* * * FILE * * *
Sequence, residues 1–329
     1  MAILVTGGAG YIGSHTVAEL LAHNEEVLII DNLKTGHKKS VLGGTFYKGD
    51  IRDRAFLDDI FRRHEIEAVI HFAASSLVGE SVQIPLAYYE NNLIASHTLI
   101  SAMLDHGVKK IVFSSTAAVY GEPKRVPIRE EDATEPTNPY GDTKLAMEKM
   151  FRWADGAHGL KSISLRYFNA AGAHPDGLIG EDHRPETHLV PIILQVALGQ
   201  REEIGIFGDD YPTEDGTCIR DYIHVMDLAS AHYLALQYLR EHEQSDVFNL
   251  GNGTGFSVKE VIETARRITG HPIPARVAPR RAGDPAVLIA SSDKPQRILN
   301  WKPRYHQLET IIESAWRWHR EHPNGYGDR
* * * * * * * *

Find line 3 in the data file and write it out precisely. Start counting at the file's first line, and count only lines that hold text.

    51  IRDRAFLDDI FRRHEIEAVI HFAASSLVGE SVQIPLAYYE NNLIASHTLI